Glaucoma In Seniors
Last Updated: April 2, 2013
By Jeannette Franks, PhD
Glaucoma is a cluster of diseases that can damage the eye's
optic nerve and result in irreversible vision loss-and ultimately
can cause total blindness. It is one of the leading causes of legal
blindness in the US and probably the most preventable cause of
vision loss. Glaucoma tends to run in families and most often
occurs in people over the age of 60. As baby boomers age, we can
anticipate more and more cases of glaucoma in seniors.
Anyone can get glaucoma, but for reasons that are not fully
understood, it is more common in people of African-American and
Mexican-American ancestry. In addition to family history, other
risk factors include nearsightedness (myopia), previous eye injury,
low blood pressure,
diabetes, and long exposure to cortisone, a steroid
Our eyes contain fluid which maintains a constant pressure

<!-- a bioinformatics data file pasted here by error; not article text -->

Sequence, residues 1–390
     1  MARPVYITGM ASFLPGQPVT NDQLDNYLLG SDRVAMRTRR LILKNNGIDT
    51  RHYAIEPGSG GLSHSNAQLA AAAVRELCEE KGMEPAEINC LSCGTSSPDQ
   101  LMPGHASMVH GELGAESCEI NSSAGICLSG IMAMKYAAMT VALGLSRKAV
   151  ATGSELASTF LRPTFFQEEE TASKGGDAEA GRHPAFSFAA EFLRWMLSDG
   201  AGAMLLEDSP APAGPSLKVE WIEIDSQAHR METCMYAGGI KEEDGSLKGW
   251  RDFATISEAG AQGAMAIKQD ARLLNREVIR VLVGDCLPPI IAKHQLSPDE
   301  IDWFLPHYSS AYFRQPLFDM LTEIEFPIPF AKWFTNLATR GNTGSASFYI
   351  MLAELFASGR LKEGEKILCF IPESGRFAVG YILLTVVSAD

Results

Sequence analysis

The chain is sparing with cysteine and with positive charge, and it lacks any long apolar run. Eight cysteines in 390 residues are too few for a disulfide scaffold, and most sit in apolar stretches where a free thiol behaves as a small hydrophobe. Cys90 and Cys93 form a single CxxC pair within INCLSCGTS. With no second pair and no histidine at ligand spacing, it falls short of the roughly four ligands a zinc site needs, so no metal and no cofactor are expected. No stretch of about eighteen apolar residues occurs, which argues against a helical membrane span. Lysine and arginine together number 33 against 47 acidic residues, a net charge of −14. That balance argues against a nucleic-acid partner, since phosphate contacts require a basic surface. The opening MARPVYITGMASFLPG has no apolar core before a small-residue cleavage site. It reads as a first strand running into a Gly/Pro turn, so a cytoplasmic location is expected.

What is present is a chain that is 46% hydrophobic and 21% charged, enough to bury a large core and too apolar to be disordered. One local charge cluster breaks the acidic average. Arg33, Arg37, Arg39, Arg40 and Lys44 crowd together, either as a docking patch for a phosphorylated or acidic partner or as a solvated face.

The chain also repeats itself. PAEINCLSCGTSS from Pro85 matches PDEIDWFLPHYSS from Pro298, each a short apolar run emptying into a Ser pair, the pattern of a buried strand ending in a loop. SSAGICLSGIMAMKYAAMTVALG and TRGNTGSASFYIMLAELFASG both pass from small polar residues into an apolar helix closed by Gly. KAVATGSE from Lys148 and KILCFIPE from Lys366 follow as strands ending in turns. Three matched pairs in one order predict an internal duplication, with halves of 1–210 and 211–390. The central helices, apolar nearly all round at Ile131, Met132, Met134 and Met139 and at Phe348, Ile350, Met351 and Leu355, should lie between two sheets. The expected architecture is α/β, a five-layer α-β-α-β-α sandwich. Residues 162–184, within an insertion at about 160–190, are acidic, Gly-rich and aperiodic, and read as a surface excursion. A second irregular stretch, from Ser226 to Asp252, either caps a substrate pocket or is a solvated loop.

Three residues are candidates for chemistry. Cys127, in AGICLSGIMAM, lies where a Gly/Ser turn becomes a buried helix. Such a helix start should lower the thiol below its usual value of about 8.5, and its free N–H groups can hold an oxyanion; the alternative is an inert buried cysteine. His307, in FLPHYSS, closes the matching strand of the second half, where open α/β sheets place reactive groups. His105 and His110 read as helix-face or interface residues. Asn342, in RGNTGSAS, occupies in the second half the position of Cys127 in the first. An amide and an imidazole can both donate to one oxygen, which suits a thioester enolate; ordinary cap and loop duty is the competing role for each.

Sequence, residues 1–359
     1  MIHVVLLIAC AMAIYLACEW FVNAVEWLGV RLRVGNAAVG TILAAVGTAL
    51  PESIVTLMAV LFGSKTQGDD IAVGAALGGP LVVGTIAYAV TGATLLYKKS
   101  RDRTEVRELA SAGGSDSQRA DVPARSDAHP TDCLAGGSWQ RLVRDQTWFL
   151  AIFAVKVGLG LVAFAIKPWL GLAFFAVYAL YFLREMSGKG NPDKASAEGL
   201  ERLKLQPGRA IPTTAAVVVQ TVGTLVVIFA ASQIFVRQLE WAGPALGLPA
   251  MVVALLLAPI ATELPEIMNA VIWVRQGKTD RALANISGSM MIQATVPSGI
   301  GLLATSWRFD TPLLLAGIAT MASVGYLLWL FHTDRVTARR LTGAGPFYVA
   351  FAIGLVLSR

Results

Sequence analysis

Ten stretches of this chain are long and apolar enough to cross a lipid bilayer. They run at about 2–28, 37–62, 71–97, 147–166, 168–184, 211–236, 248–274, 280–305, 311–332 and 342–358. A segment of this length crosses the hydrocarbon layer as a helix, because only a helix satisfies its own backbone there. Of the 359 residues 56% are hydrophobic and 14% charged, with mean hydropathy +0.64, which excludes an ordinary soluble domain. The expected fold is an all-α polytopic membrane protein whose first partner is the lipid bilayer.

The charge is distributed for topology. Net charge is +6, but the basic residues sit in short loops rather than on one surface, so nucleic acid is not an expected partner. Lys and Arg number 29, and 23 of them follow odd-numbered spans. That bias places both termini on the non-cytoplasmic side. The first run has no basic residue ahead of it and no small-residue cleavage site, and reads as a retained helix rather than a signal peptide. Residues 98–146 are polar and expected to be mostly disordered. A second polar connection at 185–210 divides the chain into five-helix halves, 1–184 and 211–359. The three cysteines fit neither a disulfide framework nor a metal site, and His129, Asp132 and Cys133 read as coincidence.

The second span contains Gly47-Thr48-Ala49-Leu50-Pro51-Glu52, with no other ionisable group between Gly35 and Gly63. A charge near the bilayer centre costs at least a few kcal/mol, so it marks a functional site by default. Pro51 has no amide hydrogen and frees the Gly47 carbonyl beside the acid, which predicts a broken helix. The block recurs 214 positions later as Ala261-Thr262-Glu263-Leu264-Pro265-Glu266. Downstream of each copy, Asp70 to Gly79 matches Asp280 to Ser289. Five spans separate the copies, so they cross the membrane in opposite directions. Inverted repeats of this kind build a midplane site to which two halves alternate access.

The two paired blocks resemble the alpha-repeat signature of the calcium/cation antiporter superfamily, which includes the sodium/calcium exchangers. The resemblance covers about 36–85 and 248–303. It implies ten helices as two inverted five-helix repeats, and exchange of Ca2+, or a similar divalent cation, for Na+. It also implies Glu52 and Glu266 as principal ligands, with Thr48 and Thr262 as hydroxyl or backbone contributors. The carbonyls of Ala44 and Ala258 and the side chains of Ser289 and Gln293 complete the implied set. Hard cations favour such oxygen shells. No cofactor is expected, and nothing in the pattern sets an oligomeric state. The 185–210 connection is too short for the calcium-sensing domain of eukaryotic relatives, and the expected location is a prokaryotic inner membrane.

within the eyeball. When the valve that regulates this liquid, and
thus the pressure, malfunctions, the optic nerve becomes damaged by
the increased pressure in the eye. This process is painless and
gradual, and vision usually seems normal as it's happening.
Common Types of Glaucoma in Seniors
There are several types of glaucoma. The most common
isopen-angle glaucoma, which results in a slow, painless loss of
peripheral vision. Approximately 1 percent of all Americans have
Try this: sit looking straight ahead and extend your arms out
from your sides, parallel to the floor. Gaze straight ahead and
wiggle your fingers. Can you see them? Try pulling your arms back
to see how far your side vision goes. Slowly move your arms toward
the center. Most of us can see our fingers move when our arms are
lined up at right angles to our bodies, as if up against a wall.
But since you've probably never tried to examine your peripheral
vision before, you could be gradually losing it without
Withopen-angle glaucoma, one's field of vision slowly,
imperceptibly narrows as peripheral vision deteriorates. Vision
damaged this way is often compared to looking through a tunnel, but
it is actually more akin to looking at the world through a paper
Low-tensionornormal tension glaucomais more challenging to